Thin the veil for a hot second: a conversation with Zahra Shahab and Rianne Svelnis

 

Since last week’s artist, Barbara, was experimenting with messy materials in her process, I asked Rianne and Zahra what their favourite messy material to work with was. Rianne said:

“My favourite messy material to work with is my . . .  body and mind on any given day.  Messy as fuck.  Like skin/flesh/bone/thought, sometimes organized feeling, sometimes messy feeling.”

 


In my conversation with the two of them, we spent a lot of time talking about process. I was pleased to hear that they were in a place of study and discovery, letting research drive their work, rather than a pressure to generate a product. At the moment they are focusing on tuning in, trying to continually uncover more about what they are working on, and asking, as Rianne put it, “How can we make it more of what it already is?”

I compiled a list of strategies they use in their process, which includes several that they didn’t necessarily intend as such but which struck me as great tools:

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Their piece is grounded (conceptually and literally) in the position of the body face down on the floor. They are engaging in patient and rigorous physical study, discovering movement possibilities in and from this position, giving value to (often minute) detail, and exploring what is inherent to the belly-to-the-floor orientation of the body. Some things that came up were the safety and security of the position, afforded by the protection it gives to the most vulnerable parts of the body (throat, viscera) as well as the term “private belly space.” I wondered if they thought of these ideas mostly in conceptual terms, or if they considered the piece to be of a personal nature. The answer was quite clear: Zahra responded, “I hope it’s personal . . . who else would I make a dance about?” and Rianne said, “How could you possibly make anything that’s not personal when it’s your body?”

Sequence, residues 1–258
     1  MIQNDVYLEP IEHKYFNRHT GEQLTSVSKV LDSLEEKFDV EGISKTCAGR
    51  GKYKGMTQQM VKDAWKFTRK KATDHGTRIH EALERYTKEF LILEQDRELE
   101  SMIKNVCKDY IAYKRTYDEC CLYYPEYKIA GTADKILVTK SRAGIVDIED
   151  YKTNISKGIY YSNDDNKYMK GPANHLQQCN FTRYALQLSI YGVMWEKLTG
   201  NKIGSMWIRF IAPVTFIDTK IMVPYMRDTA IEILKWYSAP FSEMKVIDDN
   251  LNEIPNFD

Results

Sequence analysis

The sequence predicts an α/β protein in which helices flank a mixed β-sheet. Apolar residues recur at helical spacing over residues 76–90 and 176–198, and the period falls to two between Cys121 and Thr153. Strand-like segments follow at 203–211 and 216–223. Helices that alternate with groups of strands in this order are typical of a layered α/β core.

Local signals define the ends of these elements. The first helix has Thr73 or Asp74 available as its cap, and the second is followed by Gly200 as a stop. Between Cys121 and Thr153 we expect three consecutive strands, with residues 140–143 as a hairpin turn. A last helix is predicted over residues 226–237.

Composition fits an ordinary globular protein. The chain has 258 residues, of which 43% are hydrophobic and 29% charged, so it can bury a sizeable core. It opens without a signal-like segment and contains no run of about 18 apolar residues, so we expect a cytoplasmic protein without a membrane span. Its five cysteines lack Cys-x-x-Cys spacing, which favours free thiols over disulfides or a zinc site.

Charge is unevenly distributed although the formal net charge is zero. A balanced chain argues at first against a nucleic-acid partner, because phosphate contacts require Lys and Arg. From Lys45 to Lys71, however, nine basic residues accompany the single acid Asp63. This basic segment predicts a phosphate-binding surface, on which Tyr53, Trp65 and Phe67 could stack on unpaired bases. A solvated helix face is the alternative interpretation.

With these ideas as the base for their research, much of their focus is on the internal — both as in the inside of the body, and also internal as in focused on the performer’s experience. Zahra said they are working “from the inside out,” rather than starting from a preconceived idea of what the piece will be and then figuring out how to engineer it. This process demands a lot of patience: Zahra told me she challenges herself in “how long [she can] stay without making a decision, how long [she can] just stay and scratch it, and scratch it, pat it, pull it,” allowing what they are working with to gradually change and grow without trying to “hurry up and make a dance.” Rianne was frank about it being challenging, saying that for her, this way of working often requires the uncertain step of “suspending disbelief and just doing the thing in the body, without knowing if it’s the thing.” But by letting repetition support them through this place of not knowing, with practice new things inevitably arise. As Rianne described it, “you don’t know that you don’t know until you feel the satisfaction of knowing… And then it’s pleasurable to have gotten there, but not knowing is really uncomfortable.”

Their focus on the internal is not at the expense of giving attention to how the piece will be perceived from the outside. In fact, it seemed to me like their process was a means of bringing together the visible and the invisible. At the same time as they are focusing on sensation, and things that are not perceptible to a viewer in a straightforward sense, they are also making aesthetic choices, and using, as Rianne put it, “all the tricks in the book that [they] can.” And so by being mindful of both at the same time, they are able to use “the tools of sensitivity and focus [to] elevate illusion.”